Tom Dent is running to hold his current Legislative District 13 Position 1 seat.

If elected for his fourth term as state representative, Dent said he wants to focus on areas in aviation infrastructure, environmental issues and childcare.

Finding long-term funding for aviation infrastructure is a priority, he said, because Washington state is a major aerospace state and it is about a $100 billion a year industry.

A lot of Dent’s goals center on issues related to his committee work. Dent is on three legislative committees.

On the Human Services and Early Learning Committee, he is the ranking member and wants to focus his term on childcare support and making childcare facilities financially viable. This is especially important in order to help working parents and reopen the economy during this pandemic, Dent said. There is too big of a regulatory burden on childcare providers, he said, and he wants to push to lighten that burden.

“I believe children are our legacy, our future, and it’s really important that we look to support them,” he said.

Mental health support and de-stigmatization is also an area Dent feels passionately about.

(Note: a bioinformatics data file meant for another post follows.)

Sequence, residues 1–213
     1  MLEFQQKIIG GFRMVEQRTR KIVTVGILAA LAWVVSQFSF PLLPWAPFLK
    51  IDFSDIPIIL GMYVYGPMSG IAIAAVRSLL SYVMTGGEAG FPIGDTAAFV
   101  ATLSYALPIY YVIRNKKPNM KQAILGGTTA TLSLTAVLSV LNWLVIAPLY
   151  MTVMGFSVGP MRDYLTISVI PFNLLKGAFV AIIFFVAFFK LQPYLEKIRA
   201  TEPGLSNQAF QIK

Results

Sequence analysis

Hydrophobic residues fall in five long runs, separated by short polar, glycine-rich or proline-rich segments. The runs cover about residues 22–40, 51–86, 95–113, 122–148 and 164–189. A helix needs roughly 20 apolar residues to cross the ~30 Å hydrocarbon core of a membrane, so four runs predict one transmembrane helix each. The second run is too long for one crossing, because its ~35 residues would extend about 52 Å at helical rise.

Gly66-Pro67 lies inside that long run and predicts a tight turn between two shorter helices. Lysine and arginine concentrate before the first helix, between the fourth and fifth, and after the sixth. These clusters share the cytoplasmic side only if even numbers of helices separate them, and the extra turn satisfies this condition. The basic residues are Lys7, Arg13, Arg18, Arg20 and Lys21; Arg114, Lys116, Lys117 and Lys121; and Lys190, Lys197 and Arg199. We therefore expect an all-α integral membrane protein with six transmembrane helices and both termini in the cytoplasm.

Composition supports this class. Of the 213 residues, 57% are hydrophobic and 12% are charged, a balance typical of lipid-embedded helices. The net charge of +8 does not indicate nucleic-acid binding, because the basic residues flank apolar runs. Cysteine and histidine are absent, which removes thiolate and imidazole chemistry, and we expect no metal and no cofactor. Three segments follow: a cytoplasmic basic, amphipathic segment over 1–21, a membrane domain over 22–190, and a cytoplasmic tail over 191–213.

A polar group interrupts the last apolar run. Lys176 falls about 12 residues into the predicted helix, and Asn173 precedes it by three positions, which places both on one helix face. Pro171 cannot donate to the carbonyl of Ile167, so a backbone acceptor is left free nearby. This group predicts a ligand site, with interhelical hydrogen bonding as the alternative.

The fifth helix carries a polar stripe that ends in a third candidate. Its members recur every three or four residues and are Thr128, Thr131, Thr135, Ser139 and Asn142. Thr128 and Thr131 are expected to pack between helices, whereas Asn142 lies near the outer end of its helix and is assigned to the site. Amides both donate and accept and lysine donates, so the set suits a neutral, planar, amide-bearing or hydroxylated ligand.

As assistant ranking member of the Rural Development, Agriculture and Natural Resources Committee, he hopes to continue putting together a program for rural fire protection. Similar to a fire protection association in Oregon, Dent has been working on legislation that would allow citizens to form local groups that would respond to wildfires to be the initial attack and could be a resource and support for fire agencies. The local groups would be required to have adequate personal protection equipment, basic training on fire suppression and communication equipment.

Dent said President John F. Kennedy’s statement “Ask not what your country can do for you, ask what you can do for your country,” motivated him to want to make a difference, and he came to the realization that public figures such as legislators are just people with a passion. He had a passion for politics and to serve people in any capacity he could. Dent wants to continue to serve and said: “I’m just in a position that I know that I can continue to do good things.”

The biggest challenge as a state representative is working across the aisle, Dent said. “I work well with the other side because I respect them as people,” he added.

Dent said that there are challenges working within your own caucus or party as well, but that it comes down to realizing that you have more in common with people than you don’t.

Dent said that his experience in the position and understanding of the expectations of the position are important qualifications for him to continue to be District 13’s state representative.